Of the hundreds of deals that pass a private equity professional’s desk in a given year, only a handful will result in meaningful conversations — and even fewer in closed deals. Since passing this initial barrier is difficult, it is important for both parties to work together to ensure that the opportunity is not lost due to minor risks or disagreements.

According to Member Lee Miklovic of Opus Capital Partners, early stage derailments can occur even with the NDA. “Although sellers don’t realize it, a poorly structured NDA…can negatively affect the outcome of a transaction and otherwise reduce the number of quality buyers attracted to the deal,” he explained.

“We will not move past the first stage of a deal if the banker or broker is not willing to accept changes to an NDA that is otherwise one-sided and not market-based,” continued Miklovic. “The unwillingness to incorporate edits and changes ultimately reduces the number of higher quality, prospective buyers and ultimately hurts the client. Private equity firms that are in the business of reviewing deals on a recurring basis will have certain minimum standards.”

As it turns out, Miklovic has historically “passed on 25% of deals because of the language in the NDA, the rigidity to changes, or time required to make such changes.”

Miklovic shared insight into some of the red flags that buyers watch out for before signing an NDA:

  • Limitations to Employee Conversations: According to Miklovic, some bankers and brokers include “provisions regarding the inability to have discussions with owners, management and employees.” Not only is this clause logistically difficult since many private equity firms like to speak with employees and managers before signing an LOI, the clause can also become particularly problematic if there is a falling out between the banker/broker and the client.

  • The Duration of the NDA: Sometimes bankers or brokers try to keep the NDA open-ended with no expiration date — which “will not work for qualified buyers.” Miklovic explained, “Most potential buyers prefer a time period of 18 months, but no more than two years.” While many business owners prefer to keep their information confidential for as long as possible, aligning an NDA timeframe with a typical deal timeframe is a reasonable metric.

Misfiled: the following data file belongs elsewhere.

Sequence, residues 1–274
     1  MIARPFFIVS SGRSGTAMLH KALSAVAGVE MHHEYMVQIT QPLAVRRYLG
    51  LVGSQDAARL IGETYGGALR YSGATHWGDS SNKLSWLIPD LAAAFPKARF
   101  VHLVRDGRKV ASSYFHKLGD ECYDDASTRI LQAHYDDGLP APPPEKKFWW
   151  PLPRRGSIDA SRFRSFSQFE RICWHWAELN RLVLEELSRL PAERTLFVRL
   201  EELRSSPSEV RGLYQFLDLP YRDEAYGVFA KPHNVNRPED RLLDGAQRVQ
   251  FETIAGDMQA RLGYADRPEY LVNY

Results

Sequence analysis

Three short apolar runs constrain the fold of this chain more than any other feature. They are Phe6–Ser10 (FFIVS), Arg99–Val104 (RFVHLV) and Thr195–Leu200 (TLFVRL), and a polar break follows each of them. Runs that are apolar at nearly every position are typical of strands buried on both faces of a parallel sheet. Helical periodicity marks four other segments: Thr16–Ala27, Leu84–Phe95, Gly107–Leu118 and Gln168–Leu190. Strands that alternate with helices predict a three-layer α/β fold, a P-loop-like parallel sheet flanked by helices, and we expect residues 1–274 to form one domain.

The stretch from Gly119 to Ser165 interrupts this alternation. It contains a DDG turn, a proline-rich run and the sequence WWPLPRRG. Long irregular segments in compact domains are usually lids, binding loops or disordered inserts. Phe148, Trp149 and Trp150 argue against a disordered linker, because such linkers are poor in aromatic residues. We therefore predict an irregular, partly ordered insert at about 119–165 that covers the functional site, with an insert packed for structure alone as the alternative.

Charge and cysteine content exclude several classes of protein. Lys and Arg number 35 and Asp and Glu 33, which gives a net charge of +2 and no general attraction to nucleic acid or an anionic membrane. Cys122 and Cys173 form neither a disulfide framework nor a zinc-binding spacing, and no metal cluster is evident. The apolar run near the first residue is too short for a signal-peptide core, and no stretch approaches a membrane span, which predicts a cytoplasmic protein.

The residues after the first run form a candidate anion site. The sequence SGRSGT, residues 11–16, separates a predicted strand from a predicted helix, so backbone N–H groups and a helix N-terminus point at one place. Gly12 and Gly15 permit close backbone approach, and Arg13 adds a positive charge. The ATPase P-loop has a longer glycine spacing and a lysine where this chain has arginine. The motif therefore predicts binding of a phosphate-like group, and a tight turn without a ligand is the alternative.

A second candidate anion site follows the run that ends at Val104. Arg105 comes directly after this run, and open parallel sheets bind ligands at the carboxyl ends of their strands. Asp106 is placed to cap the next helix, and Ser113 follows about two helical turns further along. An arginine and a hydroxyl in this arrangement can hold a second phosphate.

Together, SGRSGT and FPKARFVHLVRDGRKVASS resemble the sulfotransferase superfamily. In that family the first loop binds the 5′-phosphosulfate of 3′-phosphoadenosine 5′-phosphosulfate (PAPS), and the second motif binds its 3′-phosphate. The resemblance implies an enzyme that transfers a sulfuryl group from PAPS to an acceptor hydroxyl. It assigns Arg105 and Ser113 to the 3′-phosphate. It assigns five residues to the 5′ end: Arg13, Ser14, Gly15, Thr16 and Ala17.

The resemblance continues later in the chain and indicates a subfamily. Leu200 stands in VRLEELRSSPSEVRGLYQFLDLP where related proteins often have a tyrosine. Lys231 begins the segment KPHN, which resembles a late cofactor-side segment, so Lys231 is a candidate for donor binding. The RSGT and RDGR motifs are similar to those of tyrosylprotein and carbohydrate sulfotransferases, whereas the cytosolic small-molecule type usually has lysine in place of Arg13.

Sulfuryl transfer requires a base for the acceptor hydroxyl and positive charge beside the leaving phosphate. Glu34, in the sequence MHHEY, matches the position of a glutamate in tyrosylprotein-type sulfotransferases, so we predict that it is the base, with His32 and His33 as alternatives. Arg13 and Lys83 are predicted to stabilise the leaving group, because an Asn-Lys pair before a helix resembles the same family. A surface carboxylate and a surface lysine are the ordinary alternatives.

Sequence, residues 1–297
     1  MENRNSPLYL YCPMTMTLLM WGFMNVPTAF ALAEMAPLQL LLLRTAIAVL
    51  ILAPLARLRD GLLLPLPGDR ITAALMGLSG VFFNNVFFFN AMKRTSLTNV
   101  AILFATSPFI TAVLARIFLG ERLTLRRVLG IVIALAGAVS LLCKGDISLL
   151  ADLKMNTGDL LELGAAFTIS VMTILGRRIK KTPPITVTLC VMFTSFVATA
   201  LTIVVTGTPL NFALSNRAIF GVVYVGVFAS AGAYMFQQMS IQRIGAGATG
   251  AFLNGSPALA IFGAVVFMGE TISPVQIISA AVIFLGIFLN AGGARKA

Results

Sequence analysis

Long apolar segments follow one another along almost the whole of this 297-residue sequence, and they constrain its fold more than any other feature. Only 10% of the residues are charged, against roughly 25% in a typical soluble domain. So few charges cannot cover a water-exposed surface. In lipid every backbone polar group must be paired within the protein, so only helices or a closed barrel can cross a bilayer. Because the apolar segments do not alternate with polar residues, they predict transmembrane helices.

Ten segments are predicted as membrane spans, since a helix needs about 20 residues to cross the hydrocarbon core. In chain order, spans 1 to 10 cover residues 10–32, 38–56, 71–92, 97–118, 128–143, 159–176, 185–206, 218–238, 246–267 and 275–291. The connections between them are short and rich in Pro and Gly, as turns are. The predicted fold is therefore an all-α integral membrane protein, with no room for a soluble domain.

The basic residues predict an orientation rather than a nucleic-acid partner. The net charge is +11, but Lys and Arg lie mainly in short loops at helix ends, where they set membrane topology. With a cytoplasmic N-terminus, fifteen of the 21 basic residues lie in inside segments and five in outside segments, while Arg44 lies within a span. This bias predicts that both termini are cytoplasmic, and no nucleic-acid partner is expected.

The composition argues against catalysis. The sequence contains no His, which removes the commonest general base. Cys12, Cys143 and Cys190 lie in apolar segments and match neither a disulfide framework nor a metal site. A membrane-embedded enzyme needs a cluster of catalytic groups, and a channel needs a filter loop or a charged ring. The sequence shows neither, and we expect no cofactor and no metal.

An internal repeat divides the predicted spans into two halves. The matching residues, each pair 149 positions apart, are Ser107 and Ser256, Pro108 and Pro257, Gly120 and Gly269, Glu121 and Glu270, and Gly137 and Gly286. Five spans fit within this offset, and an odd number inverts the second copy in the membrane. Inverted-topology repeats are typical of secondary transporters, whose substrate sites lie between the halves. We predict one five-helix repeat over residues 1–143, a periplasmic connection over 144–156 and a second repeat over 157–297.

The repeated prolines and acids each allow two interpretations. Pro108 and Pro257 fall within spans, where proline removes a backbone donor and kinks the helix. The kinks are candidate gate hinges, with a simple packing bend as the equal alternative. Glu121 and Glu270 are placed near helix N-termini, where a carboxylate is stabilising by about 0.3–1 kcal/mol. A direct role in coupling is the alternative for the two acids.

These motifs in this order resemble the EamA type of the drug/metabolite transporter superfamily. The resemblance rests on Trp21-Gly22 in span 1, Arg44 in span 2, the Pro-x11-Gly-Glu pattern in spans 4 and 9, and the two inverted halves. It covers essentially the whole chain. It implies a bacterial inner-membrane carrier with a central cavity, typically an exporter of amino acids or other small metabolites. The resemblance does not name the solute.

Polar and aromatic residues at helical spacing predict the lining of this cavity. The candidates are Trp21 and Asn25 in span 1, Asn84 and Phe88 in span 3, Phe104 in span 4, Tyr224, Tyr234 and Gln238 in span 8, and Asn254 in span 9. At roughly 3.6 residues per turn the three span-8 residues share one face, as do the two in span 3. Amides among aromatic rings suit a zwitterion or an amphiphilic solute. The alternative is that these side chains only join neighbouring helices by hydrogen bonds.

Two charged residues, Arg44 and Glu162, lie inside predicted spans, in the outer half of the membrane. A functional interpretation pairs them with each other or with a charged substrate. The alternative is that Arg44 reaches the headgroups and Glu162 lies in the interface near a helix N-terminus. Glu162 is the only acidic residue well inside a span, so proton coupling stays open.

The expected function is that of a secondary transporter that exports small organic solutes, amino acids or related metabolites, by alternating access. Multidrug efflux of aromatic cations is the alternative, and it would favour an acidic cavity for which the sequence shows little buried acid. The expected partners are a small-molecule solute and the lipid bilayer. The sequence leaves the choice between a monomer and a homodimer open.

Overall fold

• The Over-Confidentiality of the NDA: While an NDA implies a certain level of confidentiality, a qualified private equity firm may seek to enlist the help of, “attorneys, accountants, consultants, and financing sources as it relates to the diligence and general structuring of the transaction,” explained MIklovic. If the PE firm is unable to share the company’s information with these service providers, it can create challenges. He continued, explaining that the parties that can be privy to the information need “to be specifically defined in the agreement.” If the banker or broker is too strict with the confidentiality, it will severely hinder a private equity firm’s ability to do comfortable due diligence.

  • Included Attorney Fees: One of the biggest red flags in an NDA for Miklovic is a provision in which “the prevailing party in a disagreement is awarded attorney fees and other punitive damages.” He — and many other PE firms — find this clause particularly problematic, “since the agreement is one-sided and the protected party has minimal or no downside to bring suit against the prospective buyer.“

  • Governing Law and Venue: Another frequently-changed clause of the NDA is the state of choice for legal precedent and governing law.“Many brokers will use the state in which the broker (not the selling client) is located and is not likely the best option,” explained Miklovic. Since New York and Delaware have “the depth of case law precedent,” they tend to be the most appealing options.

Although selling to more stringent private equity firms can be more work upfront, it’s important to seriously consider their recommendations.  Oftentimes institutional and corporate investors tend to be the most qualified buyers and can be much less risky to work with.

While you always want to maintain your clients best interests in mind — and realizing you aren’t going to be able cater to every potential buyer’s wants and whims — you don’t want to miss opportunities for the wrong reasons. A thoughtful, well-drafted NDA might be the difference between a perfect buyer and an unhappy client.